“Are you afraid to fly?” the man next to me asked.  I watched as the ground, the land, the red-dirt, pulled away from us, never turning my gaze away from the window, head bowed, shaking it.  No.  No.  My tears.  My pain.  My heavy…was traveling to, and then back home from Oklahoma for the second time in a year, because someone was dead.  I’d been sat next to a stranger instead of being able to sit with my brother because, well, last-minute tickets.  Said stranger tried to give me the, “there, there, it’ll all be alright, little girl” kind of reassurance despite having no context.  Only silent tears.  And, what I wanted to say in my haze was, “we’re all gonna die.”  But that may have come off as dramatic.  Or worse.

I think that’s one of the hardest parts for me. It’s not only sustaining the weight of the death at hand, but also that of every death that came before and every death that is to come. Sheer.  Overwhelm.  I’m gutted at the thought of my beloveds dying before me.  Every time someone I love dies my grief cry is, “I don’t know how much more of this I can take.  It hurts.”

That flight was in November.  Now it’s June.  Father’s Day is upon us.  In honor, I sent a photo to my cousin, of her little grandson helping carry her daddy’s flag-covered casket.  When he’d taken a hold of the casket and started helping move it towards the hearse, he’d proclaimed “Hey, this is easy!”  Having had to bear no substantial weight, it was “easy.”  Far from what it felt like to any of us.  Because, death is hard.  And because, traveling out of state to bury your uncle, five months after your brother — who was named for your uncle — died, is hard.  Robert Alexander and Robert Alexander.  June fourteenth will be one year since brother Robert died.  One year since I hopped on the first plane.  One year since I said goodbye to the first of my siblings, of which there are nine.  The more you have, the more you have to lose.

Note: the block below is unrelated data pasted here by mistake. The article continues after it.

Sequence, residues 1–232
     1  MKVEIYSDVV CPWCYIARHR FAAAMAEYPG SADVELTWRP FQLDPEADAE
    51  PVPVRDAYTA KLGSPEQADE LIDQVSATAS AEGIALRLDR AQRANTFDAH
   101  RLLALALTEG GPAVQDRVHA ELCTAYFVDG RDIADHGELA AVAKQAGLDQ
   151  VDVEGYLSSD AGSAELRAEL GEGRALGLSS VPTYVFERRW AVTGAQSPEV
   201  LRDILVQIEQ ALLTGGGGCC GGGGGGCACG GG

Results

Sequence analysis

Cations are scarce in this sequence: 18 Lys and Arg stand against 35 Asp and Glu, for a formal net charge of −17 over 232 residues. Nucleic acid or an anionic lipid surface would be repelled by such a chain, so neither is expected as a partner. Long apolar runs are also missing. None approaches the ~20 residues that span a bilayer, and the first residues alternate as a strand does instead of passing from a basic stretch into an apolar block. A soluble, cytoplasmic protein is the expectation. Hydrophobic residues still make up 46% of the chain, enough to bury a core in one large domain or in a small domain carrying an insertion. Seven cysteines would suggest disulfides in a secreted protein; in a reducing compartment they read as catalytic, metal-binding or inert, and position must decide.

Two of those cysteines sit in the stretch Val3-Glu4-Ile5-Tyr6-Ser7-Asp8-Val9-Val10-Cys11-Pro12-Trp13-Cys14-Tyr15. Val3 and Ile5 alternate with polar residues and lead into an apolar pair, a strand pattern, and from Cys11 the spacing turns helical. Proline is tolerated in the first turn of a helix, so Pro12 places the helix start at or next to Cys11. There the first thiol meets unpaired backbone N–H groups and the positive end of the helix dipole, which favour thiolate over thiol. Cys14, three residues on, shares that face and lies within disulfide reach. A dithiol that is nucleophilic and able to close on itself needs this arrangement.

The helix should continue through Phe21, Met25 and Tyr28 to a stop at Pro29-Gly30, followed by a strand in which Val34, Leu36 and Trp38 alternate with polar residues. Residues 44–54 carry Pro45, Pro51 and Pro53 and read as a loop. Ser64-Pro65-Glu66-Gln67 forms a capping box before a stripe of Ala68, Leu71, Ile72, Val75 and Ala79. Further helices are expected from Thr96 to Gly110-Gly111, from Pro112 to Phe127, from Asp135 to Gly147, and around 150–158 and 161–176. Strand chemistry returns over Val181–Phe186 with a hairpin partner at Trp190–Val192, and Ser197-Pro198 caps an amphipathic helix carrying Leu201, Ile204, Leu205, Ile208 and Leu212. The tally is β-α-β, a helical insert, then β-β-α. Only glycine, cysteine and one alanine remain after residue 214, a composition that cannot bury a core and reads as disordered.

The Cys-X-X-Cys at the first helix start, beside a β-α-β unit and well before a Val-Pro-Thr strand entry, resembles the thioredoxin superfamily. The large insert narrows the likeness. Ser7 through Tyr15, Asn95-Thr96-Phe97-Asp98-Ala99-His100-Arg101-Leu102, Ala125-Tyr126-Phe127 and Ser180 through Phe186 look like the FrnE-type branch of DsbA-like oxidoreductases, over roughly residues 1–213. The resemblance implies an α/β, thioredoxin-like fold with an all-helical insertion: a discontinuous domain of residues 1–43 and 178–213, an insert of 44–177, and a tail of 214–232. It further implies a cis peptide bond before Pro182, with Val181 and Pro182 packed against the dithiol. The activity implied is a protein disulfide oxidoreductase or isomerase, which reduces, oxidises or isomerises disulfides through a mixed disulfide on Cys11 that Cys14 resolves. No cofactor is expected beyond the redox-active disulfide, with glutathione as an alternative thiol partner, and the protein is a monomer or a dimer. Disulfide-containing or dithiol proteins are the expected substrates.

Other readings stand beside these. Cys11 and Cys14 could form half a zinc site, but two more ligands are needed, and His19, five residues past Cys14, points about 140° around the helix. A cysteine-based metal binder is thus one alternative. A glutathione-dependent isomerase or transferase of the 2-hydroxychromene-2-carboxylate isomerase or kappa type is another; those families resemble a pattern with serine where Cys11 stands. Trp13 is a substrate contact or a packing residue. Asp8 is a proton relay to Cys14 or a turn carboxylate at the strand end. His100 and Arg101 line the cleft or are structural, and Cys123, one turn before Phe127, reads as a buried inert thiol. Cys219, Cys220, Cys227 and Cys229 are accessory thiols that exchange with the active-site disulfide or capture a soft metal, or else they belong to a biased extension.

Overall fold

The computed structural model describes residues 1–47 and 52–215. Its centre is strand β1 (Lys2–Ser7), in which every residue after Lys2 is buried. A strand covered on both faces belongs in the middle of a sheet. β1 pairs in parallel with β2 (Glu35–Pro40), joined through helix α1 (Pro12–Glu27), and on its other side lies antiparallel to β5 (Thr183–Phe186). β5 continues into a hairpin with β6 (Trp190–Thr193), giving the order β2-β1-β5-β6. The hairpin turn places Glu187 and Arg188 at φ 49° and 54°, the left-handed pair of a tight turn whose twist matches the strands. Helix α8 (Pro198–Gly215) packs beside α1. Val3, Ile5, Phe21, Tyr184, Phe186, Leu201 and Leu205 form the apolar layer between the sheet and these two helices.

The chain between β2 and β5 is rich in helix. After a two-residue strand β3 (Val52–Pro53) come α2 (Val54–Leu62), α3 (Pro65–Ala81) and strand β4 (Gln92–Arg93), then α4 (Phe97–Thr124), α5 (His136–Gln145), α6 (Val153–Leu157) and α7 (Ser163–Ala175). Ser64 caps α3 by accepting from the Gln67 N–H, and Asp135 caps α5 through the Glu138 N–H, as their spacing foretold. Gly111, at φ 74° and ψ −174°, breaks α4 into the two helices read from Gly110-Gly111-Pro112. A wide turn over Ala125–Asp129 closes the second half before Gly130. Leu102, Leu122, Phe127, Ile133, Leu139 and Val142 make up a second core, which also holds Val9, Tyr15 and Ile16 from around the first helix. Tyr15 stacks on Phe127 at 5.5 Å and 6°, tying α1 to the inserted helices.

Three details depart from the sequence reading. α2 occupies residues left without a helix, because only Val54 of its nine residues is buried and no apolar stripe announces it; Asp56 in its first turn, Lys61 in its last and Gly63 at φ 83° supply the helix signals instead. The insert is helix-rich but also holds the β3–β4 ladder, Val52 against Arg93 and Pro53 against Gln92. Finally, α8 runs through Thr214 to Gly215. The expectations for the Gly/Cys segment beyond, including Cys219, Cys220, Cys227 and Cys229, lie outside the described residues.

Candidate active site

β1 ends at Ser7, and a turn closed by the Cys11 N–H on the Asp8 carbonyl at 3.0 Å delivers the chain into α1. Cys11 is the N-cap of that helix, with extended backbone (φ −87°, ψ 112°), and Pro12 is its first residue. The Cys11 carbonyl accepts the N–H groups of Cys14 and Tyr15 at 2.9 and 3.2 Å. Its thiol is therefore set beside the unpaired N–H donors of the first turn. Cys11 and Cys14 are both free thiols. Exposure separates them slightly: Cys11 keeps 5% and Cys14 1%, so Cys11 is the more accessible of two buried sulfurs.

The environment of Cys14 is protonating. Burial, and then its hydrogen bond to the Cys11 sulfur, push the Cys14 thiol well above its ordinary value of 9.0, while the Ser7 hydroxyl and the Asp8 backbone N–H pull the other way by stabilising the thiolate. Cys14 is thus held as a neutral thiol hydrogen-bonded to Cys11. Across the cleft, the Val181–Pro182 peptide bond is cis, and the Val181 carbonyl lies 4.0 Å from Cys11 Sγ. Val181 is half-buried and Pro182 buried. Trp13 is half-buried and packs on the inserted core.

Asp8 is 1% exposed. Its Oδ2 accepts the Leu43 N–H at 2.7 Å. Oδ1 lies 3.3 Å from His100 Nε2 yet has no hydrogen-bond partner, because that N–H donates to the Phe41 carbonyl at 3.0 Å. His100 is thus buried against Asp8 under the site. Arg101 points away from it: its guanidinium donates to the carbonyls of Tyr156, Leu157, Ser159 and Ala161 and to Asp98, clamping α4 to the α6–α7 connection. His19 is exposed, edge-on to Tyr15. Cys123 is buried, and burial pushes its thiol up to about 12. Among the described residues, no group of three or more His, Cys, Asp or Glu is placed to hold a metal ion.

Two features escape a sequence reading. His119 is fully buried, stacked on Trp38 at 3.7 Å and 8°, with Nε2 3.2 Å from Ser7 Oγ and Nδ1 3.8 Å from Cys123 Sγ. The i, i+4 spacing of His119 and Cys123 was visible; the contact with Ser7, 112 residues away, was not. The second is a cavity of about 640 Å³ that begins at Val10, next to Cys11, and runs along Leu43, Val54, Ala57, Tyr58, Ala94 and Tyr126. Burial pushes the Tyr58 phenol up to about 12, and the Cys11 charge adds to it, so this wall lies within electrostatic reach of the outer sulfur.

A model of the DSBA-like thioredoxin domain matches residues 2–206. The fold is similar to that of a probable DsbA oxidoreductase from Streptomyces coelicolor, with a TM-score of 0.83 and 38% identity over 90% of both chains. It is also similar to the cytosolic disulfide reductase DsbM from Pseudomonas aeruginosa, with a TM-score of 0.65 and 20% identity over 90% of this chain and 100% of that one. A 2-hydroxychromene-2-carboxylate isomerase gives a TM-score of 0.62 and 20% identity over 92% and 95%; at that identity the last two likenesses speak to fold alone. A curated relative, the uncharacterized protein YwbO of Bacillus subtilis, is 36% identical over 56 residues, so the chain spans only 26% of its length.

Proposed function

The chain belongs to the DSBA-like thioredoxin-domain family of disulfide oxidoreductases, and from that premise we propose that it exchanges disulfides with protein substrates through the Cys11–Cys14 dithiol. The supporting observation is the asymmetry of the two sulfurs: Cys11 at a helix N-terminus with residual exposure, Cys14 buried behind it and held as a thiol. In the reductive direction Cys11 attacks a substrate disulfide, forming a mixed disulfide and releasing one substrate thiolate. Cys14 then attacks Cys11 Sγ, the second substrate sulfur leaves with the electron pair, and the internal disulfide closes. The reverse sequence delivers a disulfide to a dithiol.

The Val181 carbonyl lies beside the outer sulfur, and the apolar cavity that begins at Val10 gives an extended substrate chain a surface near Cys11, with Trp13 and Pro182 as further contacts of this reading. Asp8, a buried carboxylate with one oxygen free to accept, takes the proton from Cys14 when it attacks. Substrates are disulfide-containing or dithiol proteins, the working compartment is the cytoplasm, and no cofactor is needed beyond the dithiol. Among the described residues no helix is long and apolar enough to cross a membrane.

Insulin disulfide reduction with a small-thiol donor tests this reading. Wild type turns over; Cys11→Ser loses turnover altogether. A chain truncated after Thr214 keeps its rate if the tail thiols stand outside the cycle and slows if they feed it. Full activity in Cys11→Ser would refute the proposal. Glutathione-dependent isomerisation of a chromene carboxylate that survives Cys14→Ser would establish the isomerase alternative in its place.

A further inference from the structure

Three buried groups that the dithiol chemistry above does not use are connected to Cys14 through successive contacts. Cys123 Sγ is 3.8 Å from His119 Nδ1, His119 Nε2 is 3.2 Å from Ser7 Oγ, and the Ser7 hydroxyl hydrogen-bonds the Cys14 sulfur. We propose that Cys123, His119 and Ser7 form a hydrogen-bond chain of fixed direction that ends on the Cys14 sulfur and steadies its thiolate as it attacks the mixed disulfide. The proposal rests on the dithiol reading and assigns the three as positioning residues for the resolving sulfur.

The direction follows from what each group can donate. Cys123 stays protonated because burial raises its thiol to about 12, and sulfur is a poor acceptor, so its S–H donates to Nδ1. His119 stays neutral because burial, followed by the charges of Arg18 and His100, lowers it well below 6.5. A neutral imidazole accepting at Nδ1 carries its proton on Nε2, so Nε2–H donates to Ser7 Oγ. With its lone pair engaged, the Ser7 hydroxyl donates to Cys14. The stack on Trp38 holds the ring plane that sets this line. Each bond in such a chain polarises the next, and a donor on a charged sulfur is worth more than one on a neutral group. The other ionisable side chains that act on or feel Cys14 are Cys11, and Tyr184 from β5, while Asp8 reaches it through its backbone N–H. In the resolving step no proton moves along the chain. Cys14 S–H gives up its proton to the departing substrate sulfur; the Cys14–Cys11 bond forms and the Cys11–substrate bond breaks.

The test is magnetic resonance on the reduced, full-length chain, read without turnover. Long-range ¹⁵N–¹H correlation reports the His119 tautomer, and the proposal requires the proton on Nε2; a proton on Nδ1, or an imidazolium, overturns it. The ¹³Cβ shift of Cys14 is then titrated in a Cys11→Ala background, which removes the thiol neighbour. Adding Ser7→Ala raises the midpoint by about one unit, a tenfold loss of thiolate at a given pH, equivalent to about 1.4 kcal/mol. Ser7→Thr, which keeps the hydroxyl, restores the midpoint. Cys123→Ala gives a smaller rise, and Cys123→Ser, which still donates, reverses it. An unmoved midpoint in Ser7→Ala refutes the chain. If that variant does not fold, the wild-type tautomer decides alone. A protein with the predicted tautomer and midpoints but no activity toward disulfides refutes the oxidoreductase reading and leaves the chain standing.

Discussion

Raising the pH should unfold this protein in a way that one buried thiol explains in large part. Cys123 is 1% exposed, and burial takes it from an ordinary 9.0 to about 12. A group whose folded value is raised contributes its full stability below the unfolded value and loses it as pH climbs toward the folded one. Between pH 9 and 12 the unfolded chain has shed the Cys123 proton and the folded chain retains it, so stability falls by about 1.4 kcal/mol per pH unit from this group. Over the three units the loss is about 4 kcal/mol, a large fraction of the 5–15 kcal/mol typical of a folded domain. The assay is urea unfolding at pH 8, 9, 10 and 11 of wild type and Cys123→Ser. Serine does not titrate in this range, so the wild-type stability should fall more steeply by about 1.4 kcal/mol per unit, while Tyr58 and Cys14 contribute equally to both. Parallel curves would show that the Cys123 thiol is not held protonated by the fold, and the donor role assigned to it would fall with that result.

How this translates, is that, yes.  We’re all gonna die.  We are going to carry, and bury our people.  And it sucks.  And it compounds.  Earl Grollman said “Grief is not a disorder, a disease, or a sign of weakness.  It is an emotional, physical, and spiritual necessity, the price you pay for love.  The only cure for grief is to grieve.”  So, love hard and grieve hard, my friends.  In the words of Nayyirah Waheed “Grieve so that you can feel something else.”